Remember how every season, Indiana plays Ohio State pretty close for a half or so before Ohio State’s talent and depth ultimately helps them pull away? Us too! However, no matter how much we know that Ohio State has done this pretty much every year since the 90s, there’s still a little bit of fear when Indiana is still hanging around at halftime every year.
This year was no different. Indiana struck first, nearly took a ten point lead after forcing a Mike Weber fumble, and kept the game close for the entire first half, trailing just 28-20 after 30 minutes. Ohio State kicked off the second half with a massive 71-yard touchdown pass to Parris Campbell, and even with an Indiana touchdown cutting the lead to nine (2-pt conversion was no good), it never really felt in doubt in the second half.
A Terry McLaurin touchdown and a beautiful grab in the back of the end zone from Binjimen Victor in the fourth quarter sealed it officially, and after a scare in the first half, Ohio State locked up bowl eligibility, grabbing their sixth win and remaining undefeated. It wasn’t pretty, but a win is a win. Let’s buy and sell some Buckeye stock!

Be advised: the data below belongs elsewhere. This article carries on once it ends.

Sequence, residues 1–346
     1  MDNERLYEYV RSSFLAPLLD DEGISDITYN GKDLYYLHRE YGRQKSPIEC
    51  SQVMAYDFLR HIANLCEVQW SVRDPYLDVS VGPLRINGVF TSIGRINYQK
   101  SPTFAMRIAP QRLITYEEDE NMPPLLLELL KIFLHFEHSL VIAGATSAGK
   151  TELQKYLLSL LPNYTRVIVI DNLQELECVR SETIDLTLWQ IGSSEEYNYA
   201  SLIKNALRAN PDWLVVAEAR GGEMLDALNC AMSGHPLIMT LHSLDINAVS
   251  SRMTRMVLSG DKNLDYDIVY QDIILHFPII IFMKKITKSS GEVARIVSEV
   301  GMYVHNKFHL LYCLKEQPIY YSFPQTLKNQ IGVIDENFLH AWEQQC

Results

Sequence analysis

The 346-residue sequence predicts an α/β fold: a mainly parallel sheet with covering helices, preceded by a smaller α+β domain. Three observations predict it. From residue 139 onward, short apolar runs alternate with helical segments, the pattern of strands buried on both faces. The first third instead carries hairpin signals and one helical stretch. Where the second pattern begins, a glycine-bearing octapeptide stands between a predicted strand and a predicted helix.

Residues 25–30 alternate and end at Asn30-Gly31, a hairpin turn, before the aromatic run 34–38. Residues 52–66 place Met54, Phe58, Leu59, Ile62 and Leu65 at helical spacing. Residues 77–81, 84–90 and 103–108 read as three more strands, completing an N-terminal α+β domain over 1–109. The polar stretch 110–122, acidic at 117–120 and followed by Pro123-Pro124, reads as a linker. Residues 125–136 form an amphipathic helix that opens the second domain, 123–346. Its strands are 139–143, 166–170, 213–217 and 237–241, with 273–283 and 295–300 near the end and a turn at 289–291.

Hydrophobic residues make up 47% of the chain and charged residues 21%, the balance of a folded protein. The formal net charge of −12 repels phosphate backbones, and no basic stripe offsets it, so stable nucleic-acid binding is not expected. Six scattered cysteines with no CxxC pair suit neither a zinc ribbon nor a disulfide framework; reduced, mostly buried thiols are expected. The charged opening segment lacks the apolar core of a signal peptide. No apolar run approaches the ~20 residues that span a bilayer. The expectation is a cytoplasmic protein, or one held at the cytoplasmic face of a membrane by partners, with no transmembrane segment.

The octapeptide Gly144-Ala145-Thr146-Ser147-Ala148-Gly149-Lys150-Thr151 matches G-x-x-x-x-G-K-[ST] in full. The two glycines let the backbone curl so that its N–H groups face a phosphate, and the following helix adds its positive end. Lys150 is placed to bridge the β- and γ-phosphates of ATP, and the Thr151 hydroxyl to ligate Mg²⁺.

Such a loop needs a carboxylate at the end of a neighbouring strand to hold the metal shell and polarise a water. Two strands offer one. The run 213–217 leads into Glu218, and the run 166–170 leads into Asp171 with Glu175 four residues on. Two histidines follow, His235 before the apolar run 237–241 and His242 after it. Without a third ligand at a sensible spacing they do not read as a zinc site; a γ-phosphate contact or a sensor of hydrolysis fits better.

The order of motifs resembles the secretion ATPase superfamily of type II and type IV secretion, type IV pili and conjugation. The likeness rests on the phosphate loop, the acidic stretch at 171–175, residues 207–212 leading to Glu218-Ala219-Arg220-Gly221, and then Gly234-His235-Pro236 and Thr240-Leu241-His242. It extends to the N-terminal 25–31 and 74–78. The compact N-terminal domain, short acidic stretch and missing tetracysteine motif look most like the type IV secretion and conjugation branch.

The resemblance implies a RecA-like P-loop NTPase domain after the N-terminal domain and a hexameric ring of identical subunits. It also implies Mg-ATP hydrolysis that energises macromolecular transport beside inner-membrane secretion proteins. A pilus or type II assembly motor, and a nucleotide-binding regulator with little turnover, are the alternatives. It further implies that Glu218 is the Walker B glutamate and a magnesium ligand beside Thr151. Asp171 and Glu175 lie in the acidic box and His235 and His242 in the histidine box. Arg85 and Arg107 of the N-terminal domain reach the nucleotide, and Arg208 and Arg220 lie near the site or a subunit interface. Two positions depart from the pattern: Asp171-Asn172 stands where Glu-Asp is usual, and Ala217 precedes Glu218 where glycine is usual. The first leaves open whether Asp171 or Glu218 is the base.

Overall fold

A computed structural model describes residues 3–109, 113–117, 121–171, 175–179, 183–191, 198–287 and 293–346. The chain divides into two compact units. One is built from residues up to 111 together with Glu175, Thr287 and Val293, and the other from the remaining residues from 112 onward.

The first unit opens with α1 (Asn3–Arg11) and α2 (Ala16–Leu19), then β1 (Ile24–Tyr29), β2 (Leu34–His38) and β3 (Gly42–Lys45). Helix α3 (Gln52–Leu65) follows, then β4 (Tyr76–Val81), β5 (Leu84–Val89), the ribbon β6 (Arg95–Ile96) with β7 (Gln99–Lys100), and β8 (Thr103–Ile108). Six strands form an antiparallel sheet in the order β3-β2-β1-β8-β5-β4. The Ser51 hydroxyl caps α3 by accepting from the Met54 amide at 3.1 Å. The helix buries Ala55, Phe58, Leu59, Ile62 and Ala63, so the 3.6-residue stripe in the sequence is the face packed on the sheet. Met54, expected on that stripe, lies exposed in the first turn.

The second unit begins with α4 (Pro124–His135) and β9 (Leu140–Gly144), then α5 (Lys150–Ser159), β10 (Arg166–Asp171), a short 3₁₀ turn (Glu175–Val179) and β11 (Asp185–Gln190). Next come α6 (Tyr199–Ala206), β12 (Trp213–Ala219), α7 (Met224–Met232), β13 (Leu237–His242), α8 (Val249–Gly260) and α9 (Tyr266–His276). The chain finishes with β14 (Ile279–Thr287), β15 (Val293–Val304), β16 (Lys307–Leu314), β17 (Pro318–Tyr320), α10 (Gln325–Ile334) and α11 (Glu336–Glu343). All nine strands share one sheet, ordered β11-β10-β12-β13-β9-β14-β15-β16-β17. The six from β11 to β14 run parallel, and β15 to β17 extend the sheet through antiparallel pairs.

Dwayne Haskins, QB: He’s baaaaaaaaack! After a rough showing downfield last week against Penn State, Haskins bounced back in a big way against Indiana, completing 33 of 44 passes for 455 yards and six touchdowns. If that yardage number feels high, it’s because he came up just three yards short of the school single game passing yards record.
While it wasn’t all great for Haskins, as he threw two interceptions, had a couple baffling third down decisions, and ran a bit too much (this is on the staff though); he proved once again that he’s right up there with Tua Tagovailoa in the Heisman race.
Binjimen Victor, WR: All Binjimen Victor does is make big plays, and he proved that once again when he reeled in a massive 30-yard touchdown pass to seal the deal. He extended as far as he could, and pulled in the Haskins pass, making one of the most impressive catches I’ve seen all season long.
I said it last week too, but I think it’s worth repeating. Bin Victor should be a starting receiver on this team. It’s tough, because I really don’t think any of Austin Mack, Parris Campbell, Dixon, Terry McLaurin or K.J. Hill deserve to lose their spot, but I do think that the rotation of those five needs to move to include Victor as well. Things seem to be heading that way, for good reason.